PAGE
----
Or maybe you have an iPhone and you want to connect with a friend through an app. But your friend has an Android and doesn’t have access to the app. Either way, you get the point. 

This is not an uncommon occurrence. Many software development companies do not have the resources to build an app for multiple platforms, or at least they cannot release the app on all platforms at the same time. 

In consequence, not only are potential users of the app left disappointed, but the company itself misses out on a marketing opportunity that can only be achieved once every smartphone user has access to the app in question. 

The Main Disadvantages of Native App Development: Time-to-Market, Cost, and Accessibility

How Much Does It Cost To Develop Native Apps?

The cost of hiring developers alone can approach or break 100,000 US dollars per developer. Software developers are paid well for the work that they do. 

A quick Google search will demonstrate that mobile app developers bring in tens of thousands of dollars each year.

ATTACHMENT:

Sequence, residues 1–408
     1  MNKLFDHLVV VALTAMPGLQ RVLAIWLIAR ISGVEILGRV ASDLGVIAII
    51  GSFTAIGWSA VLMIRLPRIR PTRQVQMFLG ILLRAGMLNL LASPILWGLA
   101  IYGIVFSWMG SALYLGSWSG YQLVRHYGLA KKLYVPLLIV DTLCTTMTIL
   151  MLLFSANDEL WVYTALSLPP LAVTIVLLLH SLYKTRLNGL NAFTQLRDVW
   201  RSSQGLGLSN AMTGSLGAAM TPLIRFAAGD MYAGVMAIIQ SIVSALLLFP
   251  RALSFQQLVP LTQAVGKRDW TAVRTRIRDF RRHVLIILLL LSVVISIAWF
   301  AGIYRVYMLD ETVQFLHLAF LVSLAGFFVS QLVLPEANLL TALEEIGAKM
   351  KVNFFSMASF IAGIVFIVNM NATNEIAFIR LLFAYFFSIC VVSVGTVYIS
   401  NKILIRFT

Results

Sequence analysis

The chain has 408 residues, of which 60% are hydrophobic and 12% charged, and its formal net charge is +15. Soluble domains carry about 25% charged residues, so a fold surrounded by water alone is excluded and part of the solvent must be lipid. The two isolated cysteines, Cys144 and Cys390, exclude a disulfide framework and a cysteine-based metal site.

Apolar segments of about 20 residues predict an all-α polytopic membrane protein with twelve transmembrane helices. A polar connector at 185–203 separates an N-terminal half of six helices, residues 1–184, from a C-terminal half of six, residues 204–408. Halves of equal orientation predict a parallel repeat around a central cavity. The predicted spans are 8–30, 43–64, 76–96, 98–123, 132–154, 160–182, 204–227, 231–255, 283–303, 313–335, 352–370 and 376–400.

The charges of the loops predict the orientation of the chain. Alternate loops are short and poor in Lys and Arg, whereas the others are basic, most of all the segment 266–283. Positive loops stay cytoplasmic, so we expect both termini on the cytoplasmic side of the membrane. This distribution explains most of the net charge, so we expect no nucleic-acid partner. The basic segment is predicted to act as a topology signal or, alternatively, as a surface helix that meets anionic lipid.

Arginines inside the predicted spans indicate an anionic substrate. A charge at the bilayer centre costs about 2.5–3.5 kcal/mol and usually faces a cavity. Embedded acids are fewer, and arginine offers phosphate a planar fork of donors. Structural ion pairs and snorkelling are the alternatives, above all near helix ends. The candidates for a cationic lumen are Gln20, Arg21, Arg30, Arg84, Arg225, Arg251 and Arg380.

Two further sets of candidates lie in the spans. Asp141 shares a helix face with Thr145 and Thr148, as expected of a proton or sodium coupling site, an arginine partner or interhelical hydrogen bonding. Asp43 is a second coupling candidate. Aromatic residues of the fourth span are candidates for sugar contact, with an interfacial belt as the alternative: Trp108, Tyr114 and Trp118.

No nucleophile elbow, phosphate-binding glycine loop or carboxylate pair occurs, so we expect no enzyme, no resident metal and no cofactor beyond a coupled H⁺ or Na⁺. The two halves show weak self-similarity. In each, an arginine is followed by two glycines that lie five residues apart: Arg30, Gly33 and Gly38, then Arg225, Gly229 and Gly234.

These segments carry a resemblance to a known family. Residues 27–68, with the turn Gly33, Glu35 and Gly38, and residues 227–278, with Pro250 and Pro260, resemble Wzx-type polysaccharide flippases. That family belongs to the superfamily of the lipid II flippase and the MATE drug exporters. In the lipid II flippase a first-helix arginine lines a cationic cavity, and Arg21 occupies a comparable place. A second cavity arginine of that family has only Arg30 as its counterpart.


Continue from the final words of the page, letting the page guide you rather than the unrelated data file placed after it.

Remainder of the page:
Software development companies can avert these costs by outsourcing their software development team overseas. The immediate benefit of this is a reduction in the total cost of development. 

Besides the software development team, you also have to figure that custom-built software has a sizable, yet reasonable price tag. That said, mobile apps, in particular, show high variability in their price range for software development. 

One dedicated person can build a mobile app with little to no monetary aid. But if you want to make sure your app is getting the attention it needs, a small, simple app can cost something like $10,000. On the other hand, the median price to develop an app is $171,450

There are several factors that play into the cost of developing an app. It’s sort of like buying a house. Apps can vary widely in terms of price based on their scale, complexity, and maintenance standards among other things. 

In any event, it’s important to remember that building native apps could double the costs of software development since you will need to make a distinct app for each platform. 

4 Examples of Native Apps

It’s hard to tell whether an app is native or not just by looking at it. But given what you’ve just learned, you can bet that the apps that run the fastest were built natively on your platform. 

Spotify

Spotify extends a streaming software so its users can listen to music on the go or at home without having to download songs or playlists to their phones. 

The way Spotify utilizes the cloud is especially impressive, increasing its performance past what you’d ever expect from a hybrid app.